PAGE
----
At some point, Willard said, cloning will be so straightforward we’ll be able to clone a Neanderthal. He asked, “Can you really believe no one will want to do it? Just to see?” And then…what do we do when the “experiment” is over? With research dogs – we euthanize them at the end of experiments. With chimpanzees – at the end of experiments they are sent off to sanctuaries where they are well taken care of for life (and Willard said we might well consider, as another issue, why we treat our research chimpanzees better than we treat many of our elderly and poor human beings). What are we going to do with the Neanderthals? We’ll have to take care of them – or, perhaps, we have to acknowledge that we have created a legitimate new human race. And then what? This is a science issue where one needs to know absolutely nothing about the details of cloning in order to engage in a serious debate about implications and policy.
Zuska’s larger point (a fascinating one about the significance of a blogger’s opinion versus that of the “average guy”) aside, we can already see some of the implications of drawing this line where we do now. From CNN:
A female chimpanzee at a sanctuary has given birth, despite the fact that the facility’s entire male chimp population has had vasectomies.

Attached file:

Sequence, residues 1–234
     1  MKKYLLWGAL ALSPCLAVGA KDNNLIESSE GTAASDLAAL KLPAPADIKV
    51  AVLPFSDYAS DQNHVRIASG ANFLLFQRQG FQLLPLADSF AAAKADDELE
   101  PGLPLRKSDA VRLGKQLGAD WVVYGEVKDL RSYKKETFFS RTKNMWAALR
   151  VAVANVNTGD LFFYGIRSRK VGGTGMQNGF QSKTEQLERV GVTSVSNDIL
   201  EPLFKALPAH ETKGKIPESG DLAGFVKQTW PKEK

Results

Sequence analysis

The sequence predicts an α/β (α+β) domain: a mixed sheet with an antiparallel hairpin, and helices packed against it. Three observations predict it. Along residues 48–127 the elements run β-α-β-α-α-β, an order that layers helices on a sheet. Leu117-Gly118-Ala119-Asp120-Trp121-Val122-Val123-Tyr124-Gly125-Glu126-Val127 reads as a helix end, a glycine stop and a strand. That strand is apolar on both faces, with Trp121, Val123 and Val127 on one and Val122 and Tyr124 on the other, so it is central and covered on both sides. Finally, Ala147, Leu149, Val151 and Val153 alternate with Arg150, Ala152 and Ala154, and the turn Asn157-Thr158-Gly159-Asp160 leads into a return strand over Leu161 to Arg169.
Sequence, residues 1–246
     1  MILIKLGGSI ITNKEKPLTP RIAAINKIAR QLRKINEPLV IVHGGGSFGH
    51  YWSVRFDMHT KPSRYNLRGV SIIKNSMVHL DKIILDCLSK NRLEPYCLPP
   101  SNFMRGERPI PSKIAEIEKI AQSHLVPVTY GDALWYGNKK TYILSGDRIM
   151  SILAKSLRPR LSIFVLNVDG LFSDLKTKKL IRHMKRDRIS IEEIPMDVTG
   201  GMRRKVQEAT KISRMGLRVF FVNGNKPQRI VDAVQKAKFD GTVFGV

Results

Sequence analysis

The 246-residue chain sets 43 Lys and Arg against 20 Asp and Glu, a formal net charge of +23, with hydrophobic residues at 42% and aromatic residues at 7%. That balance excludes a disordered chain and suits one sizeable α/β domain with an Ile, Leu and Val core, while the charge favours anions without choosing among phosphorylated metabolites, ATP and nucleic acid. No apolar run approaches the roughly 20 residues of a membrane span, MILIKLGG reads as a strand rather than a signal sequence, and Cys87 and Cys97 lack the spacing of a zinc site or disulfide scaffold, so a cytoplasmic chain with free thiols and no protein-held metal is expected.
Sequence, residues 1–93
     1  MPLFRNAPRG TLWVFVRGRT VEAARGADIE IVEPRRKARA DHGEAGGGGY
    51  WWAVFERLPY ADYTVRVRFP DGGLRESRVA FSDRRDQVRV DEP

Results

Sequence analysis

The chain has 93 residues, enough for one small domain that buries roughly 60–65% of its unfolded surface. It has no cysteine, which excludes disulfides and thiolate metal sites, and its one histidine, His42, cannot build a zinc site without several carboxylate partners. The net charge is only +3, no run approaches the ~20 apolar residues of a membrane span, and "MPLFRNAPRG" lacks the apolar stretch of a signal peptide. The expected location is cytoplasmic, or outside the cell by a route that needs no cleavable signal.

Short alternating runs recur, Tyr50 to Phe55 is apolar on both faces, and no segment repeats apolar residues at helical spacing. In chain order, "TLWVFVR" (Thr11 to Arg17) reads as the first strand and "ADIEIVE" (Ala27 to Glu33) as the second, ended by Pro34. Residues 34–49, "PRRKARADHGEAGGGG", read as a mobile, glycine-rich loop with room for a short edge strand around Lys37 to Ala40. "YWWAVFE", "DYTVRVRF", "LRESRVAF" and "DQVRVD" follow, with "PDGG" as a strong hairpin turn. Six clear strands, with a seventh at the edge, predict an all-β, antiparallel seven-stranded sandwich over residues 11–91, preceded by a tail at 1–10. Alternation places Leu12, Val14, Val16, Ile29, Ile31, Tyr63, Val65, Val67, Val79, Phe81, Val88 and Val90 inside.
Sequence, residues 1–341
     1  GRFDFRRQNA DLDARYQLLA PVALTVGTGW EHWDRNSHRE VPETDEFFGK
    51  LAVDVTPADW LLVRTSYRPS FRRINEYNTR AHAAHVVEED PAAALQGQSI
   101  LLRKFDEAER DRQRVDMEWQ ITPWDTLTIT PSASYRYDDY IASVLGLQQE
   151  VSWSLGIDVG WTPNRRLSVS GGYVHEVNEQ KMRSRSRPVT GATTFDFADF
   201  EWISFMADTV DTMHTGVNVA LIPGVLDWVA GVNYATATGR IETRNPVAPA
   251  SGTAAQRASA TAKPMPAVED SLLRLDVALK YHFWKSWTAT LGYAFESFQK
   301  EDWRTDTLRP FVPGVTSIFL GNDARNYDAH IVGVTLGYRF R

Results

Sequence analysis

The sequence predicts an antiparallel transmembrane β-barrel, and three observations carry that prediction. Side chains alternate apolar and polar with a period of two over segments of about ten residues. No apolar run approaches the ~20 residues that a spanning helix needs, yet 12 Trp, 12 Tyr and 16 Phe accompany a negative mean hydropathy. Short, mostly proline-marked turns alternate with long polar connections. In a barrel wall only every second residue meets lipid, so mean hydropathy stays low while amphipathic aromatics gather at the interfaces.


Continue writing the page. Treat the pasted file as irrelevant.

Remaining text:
Now managers at Chimp Haven are planning a paternity test for the seven males who lived in a group with Teresa, a wild-born chimpanzee in her late 40s who had the baby girl last week.
Workers have started collecting hair samples from the chimps for testing. Once they identify the father, it’s back to the operating room for him.
Not exactly an idyllic life for these chimps, eh? And what of this?
The Sunday Times in London published an article under the headline “Science Told: Hands Off Gay Sheep.” It asserted, incorrectly, that Dr. Roselli had worked successfully to “cure” homosexual rams with hormone treatments, and added that “critics fear” that the research “could pave the way for breeding out homosexuality in humans.”
Martina Navratilova, the tennis star who is both openly gay and a PETA ally, wrote in an open letter that the research “can only be surmised as an attempt to develop a prenatal treatment” for sexual conditions.
The controversy spilled into the blog world, with attacks on Dr. Roselli, his university and Oregon State University, which is also involved in the research. PETA began an e-mail campaign that the universities say resulted in 20,000 protests, some with language like “you are a worthless animal killer and you should be shot,” “I hope you burn in hell” and “please, die.”
As for whether the deaths of the sheep are justified, he said, “why would you pick on a guy who’s killing maybe 18 sheep a year, when there’s maybe four million killed for food and clothing in this country?”
How will the “public” decide what to do with Neanderthals when it can’t come up with a rational policy for handling sheep? It’s a fascinating question, one I don’t have an answer for. Zuska’s post may be a start.